Review by Gambler_Justice

Reviewed: 01/02/14

A welcome addition to the series

The Drakengard series of games has always had a strange sort of appeal: with an erratic, confusing story joined by mediocre gameplay, it is not something you would expect to find on most people's list of favorite games. And yet, in spite of all its flaws, the world of Drakengard is extremely alluring. The insanity of the setting, the madness of the characters, the sadomasochistic aspects of the gameplay, are all things that will frustrate and perplex the player, but most importantly, they are also extraordinarily intriguing, and their ability to capture your interest and hold it in an iron grip is surely why these games have such a cult following.

Drakengard 3 is, in many ways, similar to its predecessors. Calling it flawless would be an outright lie. Anyone who plays the game for more than an hour could easily point out several aspects of the game that just don't work as well as they should, and yet, despite all of this, Drakengard 3 is my favorite game of 2013. Its flaws are rendered irrelevant by its smashing success in the area that matters the most: being interesting, being unique, having heart.

The gameplay of Drakengard 3 is a hack-and-slash variant reminiscent of Dynasty Warriors. While nothing particularly impressive, the 51 weapons and decent variation in combos and movesets is more than enough to carry the game, and I found myself having some genuine fun with the gameplay. The soundtrack is commendable: Keiichi Okabe is a wonderful composer and there are many memorable songs in Drakengard 3. My only complaint is that the regular on-ground non-boss battle missions could've used some more songs, as the standard 2-3 tracks will get very repetitive after tens of hours of gameplay.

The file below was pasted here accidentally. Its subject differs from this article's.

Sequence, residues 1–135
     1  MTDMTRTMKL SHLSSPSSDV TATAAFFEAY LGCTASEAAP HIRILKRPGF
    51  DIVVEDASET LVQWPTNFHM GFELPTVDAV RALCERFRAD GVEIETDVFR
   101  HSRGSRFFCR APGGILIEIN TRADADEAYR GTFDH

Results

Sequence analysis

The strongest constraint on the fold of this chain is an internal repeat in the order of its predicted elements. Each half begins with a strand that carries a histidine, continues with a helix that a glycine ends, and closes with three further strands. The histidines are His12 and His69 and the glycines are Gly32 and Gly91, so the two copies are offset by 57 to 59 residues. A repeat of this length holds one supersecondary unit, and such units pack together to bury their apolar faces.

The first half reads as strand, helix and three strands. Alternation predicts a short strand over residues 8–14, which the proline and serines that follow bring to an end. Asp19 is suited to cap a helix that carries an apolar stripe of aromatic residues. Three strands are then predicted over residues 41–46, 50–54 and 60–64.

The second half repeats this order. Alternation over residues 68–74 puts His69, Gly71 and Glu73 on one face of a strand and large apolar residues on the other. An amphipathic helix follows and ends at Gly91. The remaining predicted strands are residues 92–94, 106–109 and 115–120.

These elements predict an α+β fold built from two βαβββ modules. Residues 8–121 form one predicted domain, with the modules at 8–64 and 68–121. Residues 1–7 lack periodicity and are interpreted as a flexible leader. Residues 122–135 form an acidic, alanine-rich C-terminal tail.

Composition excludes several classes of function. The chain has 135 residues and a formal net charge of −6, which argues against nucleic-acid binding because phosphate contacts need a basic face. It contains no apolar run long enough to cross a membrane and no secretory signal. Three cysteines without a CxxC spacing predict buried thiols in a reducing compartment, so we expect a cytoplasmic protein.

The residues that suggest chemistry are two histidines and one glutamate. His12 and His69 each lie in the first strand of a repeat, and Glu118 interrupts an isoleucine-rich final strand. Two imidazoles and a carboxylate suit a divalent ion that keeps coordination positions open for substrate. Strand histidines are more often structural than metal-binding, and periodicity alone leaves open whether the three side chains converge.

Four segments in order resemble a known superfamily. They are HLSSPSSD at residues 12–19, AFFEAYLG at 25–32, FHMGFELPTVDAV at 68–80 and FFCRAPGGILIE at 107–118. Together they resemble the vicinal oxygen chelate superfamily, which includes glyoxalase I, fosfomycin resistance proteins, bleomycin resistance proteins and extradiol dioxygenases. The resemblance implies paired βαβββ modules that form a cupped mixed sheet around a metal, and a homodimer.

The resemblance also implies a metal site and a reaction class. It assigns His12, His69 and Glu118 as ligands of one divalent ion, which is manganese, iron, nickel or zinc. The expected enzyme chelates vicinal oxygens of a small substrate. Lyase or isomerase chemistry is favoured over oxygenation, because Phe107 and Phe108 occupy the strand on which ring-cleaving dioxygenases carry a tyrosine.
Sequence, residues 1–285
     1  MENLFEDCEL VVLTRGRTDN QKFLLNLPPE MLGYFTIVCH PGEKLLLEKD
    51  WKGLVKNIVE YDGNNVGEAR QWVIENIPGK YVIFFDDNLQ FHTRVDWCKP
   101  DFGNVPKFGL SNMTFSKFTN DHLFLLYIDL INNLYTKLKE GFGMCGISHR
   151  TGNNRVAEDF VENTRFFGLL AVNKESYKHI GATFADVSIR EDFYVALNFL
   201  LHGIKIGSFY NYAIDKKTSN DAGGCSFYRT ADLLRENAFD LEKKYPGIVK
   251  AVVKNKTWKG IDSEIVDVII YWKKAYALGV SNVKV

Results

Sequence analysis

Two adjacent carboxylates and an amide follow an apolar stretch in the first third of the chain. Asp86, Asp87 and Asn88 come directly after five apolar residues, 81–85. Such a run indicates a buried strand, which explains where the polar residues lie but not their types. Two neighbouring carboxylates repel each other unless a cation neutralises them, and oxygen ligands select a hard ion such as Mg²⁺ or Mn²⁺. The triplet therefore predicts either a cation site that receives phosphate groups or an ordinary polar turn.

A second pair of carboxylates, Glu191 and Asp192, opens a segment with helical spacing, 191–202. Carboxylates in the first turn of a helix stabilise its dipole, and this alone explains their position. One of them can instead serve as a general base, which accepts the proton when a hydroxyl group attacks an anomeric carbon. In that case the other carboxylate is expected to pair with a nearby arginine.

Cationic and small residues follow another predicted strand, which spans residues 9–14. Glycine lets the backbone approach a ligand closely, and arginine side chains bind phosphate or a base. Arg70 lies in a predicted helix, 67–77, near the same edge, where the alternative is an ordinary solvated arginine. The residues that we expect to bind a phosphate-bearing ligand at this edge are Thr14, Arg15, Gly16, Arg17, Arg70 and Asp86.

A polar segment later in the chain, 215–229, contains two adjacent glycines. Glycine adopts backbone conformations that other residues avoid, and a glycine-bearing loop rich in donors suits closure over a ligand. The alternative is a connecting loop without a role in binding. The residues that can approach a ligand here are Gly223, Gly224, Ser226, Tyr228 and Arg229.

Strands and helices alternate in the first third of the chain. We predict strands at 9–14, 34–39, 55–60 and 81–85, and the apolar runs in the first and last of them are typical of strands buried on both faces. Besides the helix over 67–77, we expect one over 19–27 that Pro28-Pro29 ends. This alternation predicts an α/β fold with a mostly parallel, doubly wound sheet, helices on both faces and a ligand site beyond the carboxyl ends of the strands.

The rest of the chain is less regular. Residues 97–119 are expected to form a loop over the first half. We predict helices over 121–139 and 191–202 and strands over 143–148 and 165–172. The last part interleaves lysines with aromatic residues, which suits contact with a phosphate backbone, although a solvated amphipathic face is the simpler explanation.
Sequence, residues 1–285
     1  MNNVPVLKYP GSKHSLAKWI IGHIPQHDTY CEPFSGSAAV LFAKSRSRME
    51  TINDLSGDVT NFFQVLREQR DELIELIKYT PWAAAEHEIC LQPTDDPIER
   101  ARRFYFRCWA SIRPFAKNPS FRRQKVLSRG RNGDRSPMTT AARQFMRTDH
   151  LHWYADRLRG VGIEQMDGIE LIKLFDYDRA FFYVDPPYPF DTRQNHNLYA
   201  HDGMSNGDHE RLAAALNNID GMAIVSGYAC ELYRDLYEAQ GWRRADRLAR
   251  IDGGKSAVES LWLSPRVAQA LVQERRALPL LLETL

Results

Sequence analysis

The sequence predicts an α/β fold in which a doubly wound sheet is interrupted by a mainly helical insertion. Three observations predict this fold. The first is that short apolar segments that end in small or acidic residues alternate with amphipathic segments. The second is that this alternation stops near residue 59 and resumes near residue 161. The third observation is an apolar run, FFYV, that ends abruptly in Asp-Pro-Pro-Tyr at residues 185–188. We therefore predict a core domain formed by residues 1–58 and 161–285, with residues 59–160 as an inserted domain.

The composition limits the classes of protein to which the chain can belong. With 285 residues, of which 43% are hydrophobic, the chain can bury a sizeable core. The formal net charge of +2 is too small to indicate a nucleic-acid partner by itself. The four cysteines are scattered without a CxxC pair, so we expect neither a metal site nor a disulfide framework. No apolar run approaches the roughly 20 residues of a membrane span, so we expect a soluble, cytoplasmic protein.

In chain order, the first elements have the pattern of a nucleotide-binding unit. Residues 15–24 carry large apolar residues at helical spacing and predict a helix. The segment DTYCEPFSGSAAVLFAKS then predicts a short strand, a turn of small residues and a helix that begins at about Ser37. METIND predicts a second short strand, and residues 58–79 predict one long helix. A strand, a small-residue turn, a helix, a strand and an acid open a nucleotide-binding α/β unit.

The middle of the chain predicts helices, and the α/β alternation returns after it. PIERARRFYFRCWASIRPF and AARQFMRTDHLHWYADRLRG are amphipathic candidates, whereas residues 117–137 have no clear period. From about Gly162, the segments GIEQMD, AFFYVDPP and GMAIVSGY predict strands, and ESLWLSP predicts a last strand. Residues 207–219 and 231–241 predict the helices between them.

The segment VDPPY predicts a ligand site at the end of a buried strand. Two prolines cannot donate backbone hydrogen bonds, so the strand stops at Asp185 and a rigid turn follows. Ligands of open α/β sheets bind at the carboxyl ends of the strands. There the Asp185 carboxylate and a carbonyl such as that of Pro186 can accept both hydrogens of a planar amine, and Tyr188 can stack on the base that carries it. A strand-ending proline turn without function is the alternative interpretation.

The story is easily the main attraction of Drakengard 3, and Yoko Taro's idiosyncratic touch is very noticeable. The game magnificently captures the same feel that the original Drakengard had, although slightly less dark and a bit more humorous this time around.

The most notable failing of Drakengard 3 is in its technical aspects: the default settings for the camera are horrible, and the cutscene volume feels far too loud compared to the in-game volume. While these can fortunately be fixed to some extent by messing around with the options, the same cannot be said for the framerate and long loading times. Loading times in-between missions average at about 30 seconds, with the longest load time I encountered reaching up to 2 minutes. The framerate suffers any time explosives are on the screen, sometimes dipping below 10 FPS as you order your dragon to hail fire on your enemies. There is some relief in the fact that the framerate remains stable during the parts of the game that require the most concentration.

Any game that can capture my attention for more than 60 hours and leave me wanting for more is a game that has succeeded at its core mission: to entertain the player. While I did at times feel annoyed, confused or frustrated by the game, there was not a single moment when I found myself bored. This is a hallmark of excellence which I feel warrants the game a 9/10, in spite of its flaws. There are, no doubt, many who will play Drakengard 3 and grow disillusioned, incapable of overlooking its failings, and this is a legitimate concern. But for those who can overlook these problems, Drakengard 3 offers something spectacularly unique and rewarding.

Rating:   4.5 - Outstanding

Product Release: Drag-On Dragoon 3 (JP, 12/19/13)

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